, Volume 58, Issue 4, pp 733-742

Large predators limit herbivore densities in northern forest ecosystems

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Abstract

There is a lack of scientific consensus about how top-down and bottom-up forces interact to structure terrestrial ecosystems. This is especially true for systems with large carnivore and herbivore species where the effects of predation versus food limitation on herbivores are controversial. Uncertainty exists whether top-down forces driven by large carnivores are common, and if so, how their influences vary with predator guild composition and primary productivity. Based on data and information in 42 published studies from over a 50-year time span, we analyzed the composition of large predator guilds and prey densities across a productivity gradient in boreal and temperate forests of North America and Eurasia. We found that predation by large mammalian carnivores, especially sympatric gray wolves (Canis lupus) and bears (Ursus spp.), apparently limits densities of large mammalian herbivores. We found that cervid densities, measured in deer equivalents, averaged nearly six times greater in areas without wolves compared to areas with wolves. In areas with wolves, herbivore density increased only slightly with increasing productivity. These predator effects are consistent with the exploitation ecosystems hypothesis and appear to occur across a broad range of net primary productivities. Results are also consistent with theory on trophic cascades, suggesting widespread and top-down forcing by large carnivores on large herbivores in forest biomes across the northern hemisphere. These findings have important conservation implications involving not only the management of large carnivores but also that of large herbivores and plant communities.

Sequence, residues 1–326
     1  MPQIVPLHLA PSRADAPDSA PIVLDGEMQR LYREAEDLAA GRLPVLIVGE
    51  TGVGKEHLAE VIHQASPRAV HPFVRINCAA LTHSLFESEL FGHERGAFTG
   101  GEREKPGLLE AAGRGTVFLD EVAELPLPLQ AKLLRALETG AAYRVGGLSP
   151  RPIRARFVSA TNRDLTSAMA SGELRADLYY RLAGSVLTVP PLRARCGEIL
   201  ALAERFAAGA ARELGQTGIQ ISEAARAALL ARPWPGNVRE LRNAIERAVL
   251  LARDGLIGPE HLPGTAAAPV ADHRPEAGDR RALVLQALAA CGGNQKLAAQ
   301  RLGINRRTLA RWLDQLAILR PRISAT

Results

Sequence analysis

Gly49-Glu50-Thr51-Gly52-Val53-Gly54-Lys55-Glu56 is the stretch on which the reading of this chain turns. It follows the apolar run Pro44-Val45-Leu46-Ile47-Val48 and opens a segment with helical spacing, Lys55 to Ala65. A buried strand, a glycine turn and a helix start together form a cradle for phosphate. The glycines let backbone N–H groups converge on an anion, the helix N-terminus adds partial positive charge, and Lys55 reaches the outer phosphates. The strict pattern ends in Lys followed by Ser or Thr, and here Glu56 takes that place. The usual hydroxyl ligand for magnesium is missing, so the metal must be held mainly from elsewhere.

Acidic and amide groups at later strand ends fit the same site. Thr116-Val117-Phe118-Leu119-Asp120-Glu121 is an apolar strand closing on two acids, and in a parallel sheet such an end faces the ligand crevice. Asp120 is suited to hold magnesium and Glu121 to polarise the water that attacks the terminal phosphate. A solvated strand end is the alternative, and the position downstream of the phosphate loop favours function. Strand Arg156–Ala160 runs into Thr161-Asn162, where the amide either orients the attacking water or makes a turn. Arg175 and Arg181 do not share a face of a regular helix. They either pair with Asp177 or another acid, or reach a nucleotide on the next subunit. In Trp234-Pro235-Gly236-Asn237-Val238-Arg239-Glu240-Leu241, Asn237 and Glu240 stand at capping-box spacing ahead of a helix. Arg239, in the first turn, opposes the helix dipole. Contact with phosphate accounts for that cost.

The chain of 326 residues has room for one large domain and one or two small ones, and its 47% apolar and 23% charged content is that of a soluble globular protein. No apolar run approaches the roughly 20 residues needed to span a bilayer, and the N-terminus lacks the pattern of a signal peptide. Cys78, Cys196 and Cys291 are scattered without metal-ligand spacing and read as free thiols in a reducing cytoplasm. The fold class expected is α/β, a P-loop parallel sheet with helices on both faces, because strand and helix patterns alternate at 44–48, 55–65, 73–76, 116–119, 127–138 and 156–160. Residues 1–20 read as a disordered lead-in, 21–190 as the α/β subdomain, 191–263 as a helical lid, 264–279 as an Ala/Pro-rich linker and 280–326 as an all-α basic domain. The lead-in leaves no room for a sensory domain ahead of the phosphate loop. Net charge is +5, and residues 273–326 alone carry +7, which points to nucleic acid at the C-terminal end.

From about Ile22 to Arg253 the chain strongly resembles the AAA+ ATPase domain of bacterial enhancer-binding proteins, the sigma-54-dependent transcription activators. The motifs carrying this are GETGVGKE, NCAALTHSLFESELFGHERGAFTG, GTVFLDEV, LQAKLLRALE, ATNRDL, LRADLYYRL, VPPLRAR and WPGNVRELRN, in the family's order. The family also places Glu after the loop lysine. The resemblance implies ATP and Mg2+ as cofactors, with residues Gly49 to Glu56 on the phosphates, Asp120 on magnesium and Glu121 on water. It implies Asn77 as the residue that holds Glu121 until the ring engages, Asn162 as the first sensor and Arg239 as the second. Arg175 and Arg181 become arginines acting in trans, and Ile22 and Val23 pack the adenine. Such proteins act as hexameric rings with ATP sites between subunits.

Communicated by C. Gortázar